During our time in Tokhme-Baloot, we learned that girls do much better in school than boys and, if their parents let them, continue to higher education because it’s the only way to change their social situation. At one point I spoke with the schoolteacher’s 22-year-old daughter, who had studied her whole life while also fulfilling a village woman’s duties and fighting with a patriarchal society. Now that she was getting her BA in economics, her father had decided that she must marry her cousin, a farmer living in the same village.
On the third and final day of our visit, the director of Ilam’s Ministry of Education was there watching us finish, along with people from the educational system, the schoolmistress and teachers. He told one of our group members that when we left, he was going to knock the tree down.
Projects like ours are viewed skeptically by Iran’s government, and during our trip we were interviewed twice, once by the army and once by Basij, a paramilitary militia. They came to the school with no prior notification and talked to our group’s founder, Reza Bahraminejad, about the project, questioning him about its purpose, who supported it, who our members were, etc. After the trip, we feared that The Flying Classroom might be stopped, but fortunately, it wasn’t.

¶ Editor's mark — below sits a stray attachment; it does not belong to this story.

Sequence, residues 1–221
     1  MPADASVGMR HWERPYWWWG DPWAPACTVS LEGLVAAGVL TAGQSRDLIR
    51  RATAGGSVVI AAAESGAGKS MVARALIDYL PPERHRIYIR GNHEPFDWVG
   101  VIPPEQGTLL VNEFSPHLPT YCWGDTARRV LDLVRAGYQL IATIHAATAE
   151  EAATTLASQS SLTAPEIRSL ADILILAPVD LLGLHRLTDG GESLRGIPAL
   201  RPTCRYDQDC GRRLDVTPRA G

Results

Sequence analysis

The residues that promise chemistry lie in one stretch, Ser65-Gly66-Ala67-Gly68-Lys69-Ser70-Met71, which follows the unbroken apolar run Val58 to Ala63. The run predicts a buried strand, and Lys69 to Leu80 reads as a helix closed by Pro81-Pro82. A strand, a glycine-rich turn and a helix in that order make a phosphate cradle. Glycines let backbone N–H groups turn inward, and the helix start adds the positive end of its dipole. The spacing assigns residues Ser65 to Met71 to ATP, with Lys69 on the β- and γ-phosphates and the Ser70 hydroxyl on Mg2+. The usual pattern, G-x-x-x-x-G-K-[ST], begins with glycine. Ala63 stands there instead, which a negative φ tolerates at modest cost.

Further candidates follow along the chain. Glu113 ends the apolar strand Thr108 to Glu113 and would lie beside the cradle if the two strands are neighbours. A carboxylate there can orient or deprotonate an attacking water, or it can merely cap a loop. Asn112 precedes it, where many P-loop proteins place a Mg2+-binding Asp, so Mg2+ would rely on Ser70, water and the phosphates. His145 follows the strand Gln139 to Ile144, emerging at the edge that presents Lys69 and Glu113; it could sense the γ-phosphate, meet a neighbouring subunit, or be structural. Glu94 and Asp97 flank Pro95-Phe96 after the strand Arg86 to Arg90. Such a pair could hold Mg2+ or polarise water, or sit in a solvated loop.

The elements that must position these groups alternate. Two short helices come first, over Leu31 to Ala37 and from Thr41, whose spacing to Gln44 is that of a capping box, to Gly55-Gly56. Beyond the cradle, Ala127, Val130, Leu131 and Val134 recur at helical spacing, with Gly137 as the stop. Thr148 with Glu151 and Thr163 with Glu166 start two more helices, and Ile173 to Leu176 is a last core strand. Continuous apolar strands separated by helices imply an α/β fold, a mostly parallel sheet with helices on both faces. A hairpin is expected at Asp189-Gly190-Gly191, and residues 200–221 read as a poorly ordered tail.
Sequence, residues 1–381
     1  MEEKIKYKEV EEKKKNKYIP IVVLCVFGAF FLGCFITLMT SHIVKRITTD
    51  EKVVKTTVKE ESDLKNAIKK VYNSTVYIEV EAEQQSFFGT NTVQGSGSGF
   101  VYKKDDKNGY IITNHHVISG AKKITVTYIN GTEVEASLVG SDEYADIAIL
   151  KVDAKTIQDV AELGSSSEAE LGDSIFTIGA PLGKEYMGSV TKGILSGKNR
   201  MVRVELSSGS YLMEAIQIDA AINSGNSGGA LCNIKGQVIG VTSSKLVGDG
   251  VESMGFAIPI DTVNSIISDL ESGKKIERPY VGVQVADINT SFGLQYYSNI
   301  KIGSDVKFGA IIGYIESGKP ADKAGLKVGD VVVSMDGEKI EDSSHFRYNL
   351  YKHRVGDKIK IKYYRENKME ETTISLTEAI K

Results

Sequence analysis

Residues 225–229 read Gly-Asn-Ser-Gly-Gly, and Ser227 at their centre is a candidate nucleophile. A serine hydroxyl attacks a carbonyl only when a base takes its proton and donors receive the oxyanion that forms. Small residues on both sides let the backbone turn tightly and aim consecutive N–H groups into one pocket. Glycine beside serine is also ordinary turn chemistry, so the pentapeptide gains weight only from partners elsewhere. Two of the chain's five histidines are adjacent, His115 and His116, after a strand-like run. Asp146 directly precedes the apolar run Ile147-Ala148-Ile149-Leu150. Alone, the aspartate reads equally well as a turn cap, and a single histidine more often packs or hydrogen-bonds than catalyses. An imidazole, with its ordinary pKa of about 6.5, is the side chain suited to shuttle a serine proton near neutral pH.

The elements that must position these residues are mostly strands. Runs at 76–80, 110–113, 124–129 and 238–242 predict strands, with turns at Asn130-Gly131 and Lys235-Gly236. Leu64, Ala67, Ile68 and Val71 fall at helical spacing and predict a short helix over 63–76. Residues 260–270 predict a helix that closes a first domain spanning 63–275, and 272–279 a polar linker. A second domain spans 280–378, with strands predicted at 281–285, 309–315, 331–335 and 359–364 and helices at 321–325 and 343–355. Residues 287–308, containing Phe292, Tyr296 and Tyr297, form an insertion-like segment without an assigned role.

* * *
The work we did on our trips through The Flying Classroom had the immediate effect of exciting the students and bringing life to their dull environments. The children were engaged, met new people and were exposed to new ideas and attitudes. Yet I can’t help but wonder—are we fully aware of the consequences of our work? The Flying Classroom is praised for working against ignorance, oppression and injustice, but will the children of the school have to pay for what our project delivered? What if, after we left Tokhme-Baloot, the director of Ilam’s Ministry of Education had destroyed the students’ tree, as he had threatened to do? How would that have affected the children?
The children we work with have no prior knowledge of the concepts we provide. How can it help them that after only three days of exposure to new ideas and experiences, we then leave them in their critical, ill-informed situation? I’m not saying that just because a society is parochial that we should leave it that way. But what is the use of exposing people’s minds to new possibilities and ways of understanding if there is no follow-up or support afterwards? Do we create expectations that cannot be met and might create greater disappointment?